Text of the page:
The portrait of Robert Carlyle was slashed by Anne Hunt in 1914.
The practice of attacking artwork as a political protest has a fascinating modern history. In 1964, members of the anti-authoritarian Situationist Movement decapitated a statue of the Little Mermaid in Copenhagen. Ten years later, a woman took a can of spray paint to the Mona Lisa at a gallery in Tokyo, in protest at the gallery’s lack of disabled access. And in 2013, Fathers4Justice activists vandalised two paintings, one in London’s National Gallery and one at Westminster Abbey.
But despite these late-20th century and 21st century contenders, perhaps the most notorious art vandals of all were the British suffragettes. And now, one of the paintings famously slashed by women fighting for the right to vote is going back on display in London.
The portrait of Thomas Carlyle, by pre-Raphaelite painter Sir John Everett Millais, was on display at the National Portrait Gallery in July 1914 when it was attacked by suffragette Anne Hunt (also known as Margaret Gibb). Her choice of weapon – a meat cleaver, smuggled in under her clothes – led to her being dubbed the “fury with a chopper”, a “hatchet fiend”, and a “wild woman”.
The painting is now being shown once more at the National Portrait Gallery (NPG), along with a photograph of the damage caused by Hunt and other paintings and photos related to the women’s suffrage movement.
The display is part of a new exhibition celebrating the 100th anniversary of the 1918 Representation of the People Act – the legislation that gave some women in the UK the right to vote for the first time.
A year-long Rebel Women season at the Gallery will focus on “the contemporary relevance of active citizenship, political engagement and the ongoing battle for equality”.
Hunt was arrested for damaging Millais’ painting, and sentenced to six months in jail. At her trial, she argued (with some prescience) that the artwork would be “of added value and of great historical importance because it had been honoured by the attention of a militant”.
She was released from prison after just six days, and boldly attempted to re-enter the NPG again just one month later. Perhaps unsurprisingly, she was spotted by guards and barred from any future visits.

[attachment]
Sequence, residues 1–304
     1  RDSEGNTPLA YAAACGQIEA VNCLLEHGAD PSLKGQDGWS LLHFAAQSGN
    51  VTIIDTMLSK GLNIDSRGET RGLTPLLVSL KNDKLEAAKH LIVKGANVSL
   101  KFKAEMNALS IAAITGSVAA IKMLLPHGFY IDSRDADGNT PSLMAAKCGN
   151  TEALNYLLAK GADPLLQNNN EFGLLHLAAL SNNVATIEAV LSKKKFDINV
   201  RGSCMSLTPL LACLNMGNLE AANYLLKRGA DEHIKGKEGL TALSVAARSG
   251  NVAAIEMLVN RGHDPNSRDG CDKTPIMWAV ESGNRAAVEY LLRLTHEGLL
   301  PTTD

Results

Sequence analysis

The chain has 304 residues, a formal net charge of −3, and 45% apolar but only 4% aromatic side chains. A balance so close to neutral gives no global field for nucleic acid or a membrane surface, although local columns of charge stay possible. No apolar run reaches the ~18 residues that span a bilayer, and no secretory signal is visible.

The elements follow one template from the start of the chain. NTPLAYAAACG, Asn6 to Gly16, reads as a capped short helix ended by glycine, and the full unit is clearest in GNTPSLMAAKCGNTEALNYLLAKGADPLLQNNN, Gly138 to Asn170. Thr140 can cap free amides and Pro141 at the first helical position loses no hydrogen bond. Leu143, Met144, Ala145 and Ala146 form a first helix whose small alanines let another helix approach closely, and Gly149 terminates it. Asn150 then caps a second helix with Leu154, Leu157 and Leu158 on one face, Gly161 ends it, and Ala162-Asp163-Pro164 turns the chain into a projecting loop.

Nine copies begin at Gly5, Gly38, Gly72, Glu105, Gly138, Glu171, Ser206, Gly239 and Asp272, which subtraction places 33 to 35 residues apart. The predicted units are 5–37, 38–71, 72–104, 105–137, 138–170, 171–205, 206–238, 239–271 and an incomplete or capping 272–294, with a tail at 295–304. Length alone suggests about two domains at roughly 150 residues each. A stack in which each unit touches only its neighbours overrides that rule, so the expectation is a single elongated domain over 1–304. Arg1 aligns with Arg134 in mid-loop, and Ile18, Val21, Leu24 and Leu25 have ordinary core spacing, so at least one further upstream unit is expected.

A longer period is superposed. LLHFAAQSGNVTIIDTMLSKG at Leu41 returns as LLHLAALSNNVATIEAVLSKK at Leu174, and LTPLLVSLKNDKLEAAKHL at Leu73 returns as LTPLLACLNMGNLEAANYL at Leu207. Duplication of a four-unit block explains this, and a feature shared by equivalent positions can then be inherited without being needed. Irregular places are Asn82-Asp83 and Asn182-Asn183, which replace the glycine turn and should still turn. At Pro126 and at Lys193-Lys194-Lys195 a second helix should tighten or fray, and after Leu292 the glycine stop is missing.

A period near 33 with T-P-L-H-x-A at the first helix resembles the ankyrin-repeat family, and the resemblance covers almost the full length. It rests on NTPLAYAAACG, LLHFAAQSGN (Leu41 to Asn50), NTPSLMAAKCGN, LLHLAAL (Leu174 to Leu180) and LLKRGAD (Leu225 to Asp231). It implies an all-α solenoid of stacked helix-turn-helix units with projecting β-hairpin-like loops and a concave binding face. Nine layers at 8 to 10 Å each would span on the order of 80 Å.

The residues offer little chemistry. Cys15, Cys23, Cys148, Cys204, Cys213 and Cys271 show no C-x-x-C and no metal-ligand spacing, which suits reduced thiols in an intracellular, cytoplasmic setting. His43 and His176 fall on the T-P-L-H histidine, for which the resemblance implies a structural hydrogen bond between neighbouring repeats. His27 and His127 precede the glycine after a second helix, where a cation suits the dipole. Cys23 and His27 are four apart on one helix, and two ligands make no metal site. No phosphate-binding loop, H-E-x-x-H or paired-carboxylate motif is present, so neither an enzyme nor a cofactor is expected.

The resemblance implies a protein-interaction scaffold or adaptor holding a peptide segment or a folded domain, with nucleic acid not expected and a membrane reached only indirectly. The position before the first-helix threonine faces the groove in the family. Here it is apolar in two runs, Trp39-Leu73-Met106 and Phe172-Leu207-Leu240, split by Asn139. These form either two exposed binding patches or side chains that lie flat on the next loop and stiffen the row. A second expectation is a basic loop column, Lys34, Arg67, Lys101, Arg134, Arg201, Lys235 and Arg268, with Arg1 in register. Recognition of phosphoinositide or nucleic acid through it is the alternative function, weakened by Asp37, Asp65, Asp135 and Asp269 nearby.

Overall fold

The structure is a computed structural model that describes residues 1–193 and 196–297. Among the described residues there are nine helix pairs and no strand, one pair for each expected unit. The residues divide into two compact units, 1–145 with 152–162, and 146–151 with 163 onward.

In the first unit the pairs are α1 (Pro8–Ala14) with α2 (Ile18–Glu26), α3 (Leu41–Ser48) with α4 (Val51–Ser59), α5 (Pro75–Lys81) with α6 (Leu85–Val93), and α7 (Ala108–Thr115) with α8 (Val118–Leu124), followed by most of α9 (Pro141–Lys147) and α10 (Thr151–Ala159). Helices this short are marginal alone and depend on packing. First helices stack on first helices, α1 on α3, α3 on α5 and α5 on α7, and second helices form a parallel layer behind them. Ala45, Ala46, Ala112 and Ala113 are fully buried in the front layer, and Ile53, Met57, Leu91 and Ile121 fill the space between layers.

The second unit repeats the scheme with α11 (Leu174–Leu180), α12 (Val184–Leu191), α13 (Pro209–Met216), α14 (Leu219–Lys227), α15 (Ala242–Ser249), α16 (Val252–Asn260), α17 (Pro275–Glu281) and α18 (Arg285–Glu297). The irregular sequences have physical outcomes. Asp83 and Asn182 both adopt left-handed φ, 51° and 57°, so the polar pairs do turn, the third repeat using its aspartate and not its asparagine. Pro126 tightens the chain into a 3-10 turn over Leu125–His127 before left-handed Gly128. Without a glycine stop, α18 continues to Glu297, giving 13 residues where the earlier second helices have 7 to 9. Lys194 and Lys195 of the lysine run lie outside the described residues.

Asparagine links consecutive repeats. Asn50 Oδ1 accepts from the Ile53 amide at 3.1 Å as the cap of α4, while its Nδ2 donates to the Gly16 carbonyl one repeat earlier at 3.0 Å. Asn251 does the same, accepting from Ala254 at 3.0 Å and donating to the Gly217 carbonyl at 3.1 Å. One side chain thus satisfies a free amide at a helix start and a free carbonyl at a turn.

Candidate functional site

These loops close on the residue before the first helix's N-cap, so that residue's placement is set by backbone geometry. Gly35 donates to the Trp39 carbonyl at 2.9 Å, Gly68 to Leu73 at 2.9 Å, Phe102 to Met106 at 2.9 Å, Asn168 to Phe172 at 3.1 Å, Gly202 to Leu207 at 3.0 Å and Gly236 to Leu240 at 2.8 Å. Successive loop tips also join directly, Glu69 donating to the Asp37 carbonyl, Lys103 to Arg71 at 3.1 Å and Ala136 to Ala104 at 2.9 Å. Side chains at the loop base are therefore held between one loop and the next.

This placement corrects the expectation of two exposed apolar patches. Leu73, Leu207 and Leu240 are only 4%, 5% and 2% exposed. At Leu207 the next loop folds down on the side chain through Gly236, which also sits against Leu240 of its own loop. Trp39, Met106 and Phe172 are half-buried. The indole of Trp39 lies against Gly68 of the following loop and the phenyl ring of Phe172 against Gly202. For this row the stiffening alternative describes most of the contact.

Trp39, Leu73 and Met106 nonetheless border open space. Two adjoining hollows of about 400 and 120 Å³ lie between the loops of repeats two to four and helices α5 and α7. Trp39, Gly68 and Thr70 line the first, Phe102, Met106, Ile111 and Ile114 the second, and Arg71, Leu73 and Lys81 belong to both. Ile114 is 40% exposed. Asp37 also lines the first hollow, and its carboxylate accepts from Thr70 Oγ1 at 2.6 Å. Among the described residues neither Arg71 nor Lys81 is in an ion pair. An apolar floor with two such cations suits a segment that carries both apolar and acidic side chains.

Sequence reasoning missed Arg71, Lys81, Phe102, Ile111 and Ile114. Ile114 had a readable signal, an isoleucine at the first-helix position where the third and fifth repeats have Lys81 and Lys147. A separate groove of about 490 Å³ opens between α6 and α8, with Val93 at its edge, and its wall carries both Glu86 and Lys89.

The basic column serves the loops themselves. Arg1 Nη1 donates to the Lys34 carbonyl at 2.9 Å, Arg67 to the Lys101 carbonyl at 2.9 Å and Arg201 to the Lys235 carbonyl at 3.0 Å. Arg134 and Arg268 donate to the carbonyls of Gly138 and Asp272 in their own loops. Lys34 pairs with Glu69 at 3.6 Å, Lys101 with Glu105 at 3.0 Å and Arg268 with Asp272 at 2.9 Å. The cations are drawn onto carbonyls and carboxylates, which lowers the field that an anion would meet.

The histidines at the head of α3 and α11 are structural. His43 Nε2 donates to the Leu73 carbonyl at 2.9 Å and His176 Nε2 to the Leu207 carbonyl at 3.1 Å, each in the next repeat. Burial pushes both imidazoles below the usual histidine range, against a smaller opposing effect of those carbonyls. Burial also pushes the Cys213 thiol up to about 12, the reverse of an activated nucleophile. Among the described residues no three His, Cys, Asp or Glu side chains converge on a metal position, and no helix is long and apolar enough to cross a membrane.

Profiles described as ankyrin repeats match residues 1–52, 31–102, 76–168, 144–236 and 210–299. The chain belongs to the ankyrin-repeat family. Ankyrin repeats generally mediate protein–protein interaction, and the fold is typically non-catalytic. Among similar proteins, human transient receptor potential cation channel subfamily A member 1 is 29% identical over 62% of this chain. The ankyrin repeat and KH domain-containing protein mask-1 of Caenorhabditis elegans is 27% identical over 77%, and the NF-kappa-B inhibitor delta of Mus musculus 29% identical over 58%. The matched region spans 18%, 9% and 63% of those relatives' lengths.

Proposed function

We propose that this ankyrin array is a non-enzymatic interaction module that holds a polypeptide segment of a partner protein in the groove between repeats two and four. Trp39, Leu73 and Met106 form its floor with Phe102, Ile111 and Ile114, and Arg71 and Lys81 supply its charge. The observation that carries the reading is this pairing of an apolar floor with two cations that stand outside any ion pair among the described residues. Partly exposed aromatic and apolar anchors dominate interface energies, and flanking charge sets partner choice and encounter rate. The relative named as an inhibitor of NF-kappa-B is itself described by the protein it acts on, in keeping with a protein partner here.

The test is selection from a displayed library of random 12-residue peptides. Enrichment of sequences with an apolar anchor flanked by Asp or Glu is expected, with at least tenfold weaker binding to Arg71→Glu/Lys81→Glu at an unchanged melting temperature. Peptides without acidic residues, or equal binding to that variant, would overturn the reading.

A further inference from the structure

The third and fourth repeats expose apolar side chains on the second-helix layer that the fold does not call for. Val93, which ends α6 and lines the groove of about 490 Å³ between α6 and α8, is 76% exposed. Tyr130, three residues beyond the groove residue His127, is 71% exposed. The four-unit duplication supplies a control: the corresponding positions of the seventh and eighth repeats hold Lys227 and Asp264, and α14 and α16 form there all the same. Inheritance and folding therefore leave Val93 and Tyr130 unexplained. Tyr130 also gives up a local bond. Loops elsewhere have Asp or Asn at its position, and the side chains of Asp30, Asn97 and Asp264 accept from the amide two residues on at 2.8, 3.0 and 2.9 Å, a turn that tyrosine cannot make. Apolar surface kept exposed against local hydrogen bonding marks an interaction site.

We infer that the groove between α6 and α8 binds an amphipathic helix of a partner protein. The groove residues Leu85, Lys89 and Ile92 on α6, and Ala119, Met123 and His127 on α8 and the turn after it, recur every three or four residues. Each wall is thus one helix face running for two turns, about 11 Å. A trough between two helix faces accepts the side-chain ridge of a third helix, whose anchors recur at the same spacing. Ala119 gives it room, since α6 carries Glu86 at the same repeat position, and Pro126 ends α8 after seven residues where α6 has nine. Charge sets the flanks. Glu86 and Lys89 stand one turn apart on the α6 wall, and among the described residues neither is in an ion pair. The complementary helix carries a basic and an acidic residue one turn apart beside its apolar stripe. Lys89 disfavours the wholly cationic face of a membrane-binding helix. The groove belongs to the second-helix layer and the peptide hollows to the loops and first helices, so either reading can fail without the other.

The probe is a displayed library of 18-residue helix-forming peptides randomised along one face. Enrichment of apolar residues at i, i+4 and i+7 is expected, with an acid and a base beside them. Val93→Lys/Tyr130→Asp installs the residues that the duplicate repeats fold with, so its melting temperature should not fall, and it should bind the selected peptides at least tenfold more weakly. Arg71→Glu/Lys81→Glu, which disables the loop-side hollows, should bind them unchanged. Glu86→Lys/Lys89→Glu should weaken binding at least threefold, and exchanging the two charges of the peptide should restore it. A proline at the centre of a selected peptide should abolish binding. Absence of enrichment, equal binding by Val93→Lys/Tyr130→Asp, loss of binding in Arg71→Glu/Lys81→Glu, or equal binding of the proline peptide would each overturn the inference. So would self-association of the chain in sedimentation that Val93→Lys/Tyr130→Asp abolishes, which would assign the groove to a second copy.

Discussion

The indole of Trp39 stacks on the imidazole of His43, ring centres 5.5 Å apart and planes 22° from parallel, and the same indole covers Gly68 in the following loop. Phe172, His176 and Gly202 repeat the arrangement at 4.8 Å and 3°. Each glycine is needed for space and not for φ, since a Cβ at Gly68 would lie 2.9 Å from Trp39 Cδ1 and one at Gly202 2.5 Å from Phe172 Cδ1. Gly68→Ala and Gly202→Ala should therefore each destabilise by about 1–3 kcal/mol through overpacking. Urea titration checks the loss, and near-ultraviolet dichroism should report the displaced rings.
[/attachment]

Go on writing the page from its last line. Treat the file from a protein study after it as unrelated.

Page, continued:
Hunt’s attack on the portrait of Carlyle followed the jailing of Emmeline Pankhurst in June 1914. The suffragette leader had been arrested and sent to Holloway Prison after she attempted to deliver a petition to King George V at Buckingham Palace, sparking a wave of fresh militant action by her fellow suffragettes. (The photo at the top of this article shows her being arrested outside the palace.)
One newspaper from the time reported that “a young and stylishly gowned suffragette” had taken a hatchet to three paintings and an attendant at the Dore Gallery on New Bond Street, “severely injuring” the man and destroying a “priceless engraving” by the Italian artist Francesco Bartolozzi.
The woman dropped a letter at the gallery explaining her mission, which was recovered after her arrest.
“We have tried all other ways,” she wrote. “We have been too ladylike in the past. Now we are going to fight, and you can allow us to be killed. Others will arise to take our places. I have joined in the war.”
Earlier in 1914, suffragette Mary Richardson smuggled a meat cleaver into the National Gallery and slashed the Rokeby Venus, a painting by Diego Velázquez. Again, her action was ostensibly provoked by another arrest of Emmeline Pankhurst.
Richardson – who would, in a disturbing turn of events, later become a fascist disciple of Oswald Mosley – was sentenced to six months in jail for her strike on the painting, which shows a naked woman reclining with her back to the viewer.
In a statement to the Women’s Social and Political Union shortly after her trial, Richardson said: “I have tried to destroy the picture of the most beautiful woman in mythological history as a protest against the Government for destroying Mrs Pankhurst, who is the most beautiful character in modern history.”
Galleries and museums in London went to extreme measures to try to prevent suffragettes from damaging their artworks. At the National Portrait Gallery, women visitors were required to leave their muffs, bags and parcels in the cloakroom, making it more difficult for them to smuggle in weapons.
Surveillance photographs of suspected suffragettes were also given to gallery guards so that they knew who to watch out for.
The British Museum, meanwhile, banned all women visitors unless they were accompanied by a man who promised to take responsibility for their actions. Other museums and galleries banned female visitors entirely.
Votes for Women! is open now in Room 33 of the National Portrait Gallery, and runs until 13 May. Admission is free.
For more exhibitions and events celebrating the 100th centenary of women gaining the right to vote, see our 2018 feminist calendar.
Stylist is celebrating the 100th anniversary of some women getting the vote. See more of our commemorative content here.
Images: Courtesy of National Portrait Gallery / Rex Features